It is the (natural or artificial) process of formation of solid crystals precipitating from a solution, melt or more rarely deposited directly from a gas.
Crystallization is also a chemical solid-liquid separation technique in which mass transfer of a solute from the liquid solution to a pure solid crystalline phase occurs.
Process of crystallization:
There are two major events in the process of crystallization
b. Crystal growth
A step where the solute molecules dispersed in the solvent start together into clusters on the nanometer scale. These become stable under the current operating conditions.
However, when the slucters are not stable they redissolve. Therefore, the clusters need to reach a critical size in order to become stable nuclei.
It is at the stage of nucleation that the atoms arrange in a defined and periodic manner that defines the crystal growth.
It is the subsequent growth of the nuclei that succeed in achieving the critical cluster size.
Nucleation and crystal growth continue to occur simultaneously while the supersaturation exists.
Supersaturation is the driving force of the crystallization hence the rate of nucleation and growth is driven by the existing supersaturation in the solution.
Once the supersaturation is exhausted, the solid-liquid system reaches equilibrium and the crystallization is complete.
Many compounds have the ability to crystallize with different crystal structures a phenomenon called polymorphism.
Each polymorph is in fact a different thermodynamic solid state crystal polymorphs of the same compound exhibit different physical properties such as dissolution rate, shape and melting point etc.
So, polymorphism is of major importance in industrial manufacture of crystalline product.
Artificial method for crystallization:
For crystallization to occur from a solution, it must be supersaturated. This can be achieved by solution cooling, addition of a second solvent to reduce the solubility of the solute (techniques known as antisolvent or drawn out), chemical reaction or change in pH being the most common methods used in industrial practice.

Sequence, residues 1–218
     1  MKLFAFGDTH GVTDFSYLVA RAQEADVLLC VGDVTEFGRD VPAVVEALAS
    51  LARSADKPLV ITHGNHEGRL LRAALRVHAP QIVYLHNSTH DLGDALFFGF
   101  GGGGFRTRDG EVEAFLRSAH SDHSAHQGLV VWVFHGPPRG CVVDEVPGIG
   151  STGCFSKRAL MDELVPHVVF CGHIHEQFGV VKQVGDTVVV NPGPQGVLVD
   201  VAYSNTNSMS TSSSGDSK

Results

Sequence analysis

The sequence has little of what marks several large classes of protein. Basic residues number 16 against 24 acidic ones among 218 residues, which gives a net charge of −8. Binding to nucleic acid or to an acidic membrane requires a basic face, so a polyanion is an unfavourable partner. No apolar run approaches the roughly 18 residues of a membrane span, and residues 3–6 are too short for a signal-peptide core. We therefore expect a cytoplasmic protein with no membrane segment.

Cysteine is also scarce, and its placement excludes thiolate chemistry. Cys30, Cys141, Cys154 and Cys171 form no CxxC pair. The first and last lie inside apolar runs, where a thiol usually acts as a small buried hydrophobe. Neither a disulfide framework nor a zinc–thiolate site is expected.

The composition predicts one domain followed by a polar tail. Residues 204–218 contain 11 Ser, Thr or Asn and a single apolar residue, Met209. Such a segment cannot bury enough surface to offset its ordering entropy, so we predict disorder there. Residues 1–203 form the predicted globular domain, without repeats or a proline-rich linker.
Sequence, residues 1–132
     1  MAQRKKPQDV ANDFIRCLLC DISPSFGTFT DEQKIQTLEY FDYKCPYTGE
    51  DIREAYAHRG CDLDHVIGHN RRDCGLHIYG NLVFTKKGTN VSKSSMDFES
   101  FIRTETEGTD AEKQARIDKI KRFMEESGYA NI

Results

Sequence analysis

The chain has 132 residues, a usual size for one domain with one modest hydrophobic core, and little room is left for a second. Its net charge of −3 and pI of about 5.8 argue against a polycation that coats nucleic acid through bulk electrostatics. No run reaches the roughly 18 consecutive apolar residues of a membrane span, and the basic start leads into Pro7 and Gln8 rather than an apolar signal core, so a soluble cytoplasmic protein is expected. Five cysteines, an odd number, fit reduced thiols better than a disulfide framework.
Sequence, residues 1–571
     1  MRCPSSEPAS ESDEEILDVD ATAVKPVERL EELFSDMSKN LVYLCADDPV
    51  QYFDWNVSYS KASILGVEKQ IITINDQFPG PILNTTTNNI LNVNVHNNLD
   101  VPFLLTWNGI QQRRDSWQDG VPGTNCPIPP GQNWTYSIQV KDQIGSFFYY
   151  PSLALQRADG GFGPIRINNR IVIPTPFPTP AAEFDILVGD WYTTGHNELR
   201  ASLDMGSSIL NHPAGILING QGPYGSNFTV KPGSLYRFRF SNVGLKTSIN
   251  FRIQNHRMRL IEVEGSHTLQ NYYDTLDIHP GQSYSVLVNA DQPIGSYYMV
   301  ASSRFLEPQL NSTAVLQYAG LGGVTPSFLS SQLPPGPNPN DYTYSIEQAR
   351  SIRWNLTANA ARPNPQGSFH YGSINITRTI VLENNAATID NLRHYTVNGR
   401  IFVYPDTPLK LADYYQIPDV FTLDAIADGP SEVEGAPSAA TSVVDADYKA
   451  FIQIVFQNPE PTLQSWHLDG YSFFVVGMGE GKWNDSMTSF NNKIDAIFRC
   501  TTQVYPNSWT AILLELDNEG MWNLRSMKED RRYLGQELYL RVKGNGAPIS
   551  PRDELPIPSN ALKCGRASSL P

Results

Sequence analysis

Other methods such as solvent evaporation can also be used.
Crystal production such as powdered slat for food industry, silicon crystal wafer production and production of sucrose from sugar beet, where the sucrose is crystallized out from an aquous solution.
Crystallization separates out a product from a liquid (feedstream) often in extremely pure form by cooling the feedstream or adding precipitants which lower the solubility of the desired product so that it forms crystals.
Well formed crystals are expected to be pure because each molecule or ion must fit perfectly into the crystal as it leaves the solution.
Apparatus for crystallization:
Saturated solutions are allowed to cool in open tanks. After a period of time the mother liquid is drained and the crystals removed. In this method, nucleation and size of crystal are difficult to control. Labor costs are high.
Scrapped surface crystallizers:
One type of scraped surface crystallizer consists of Swensen-Walker crystallizer consisting an open of an open trough 0.6 meter wide with a semicircular bottom having a cooling jacket outside.
A slow speed spiral agitator rotates and suspends the growing crystals on turning the blades pass close to the walls and break off any deposits or crystals on the cooled wall.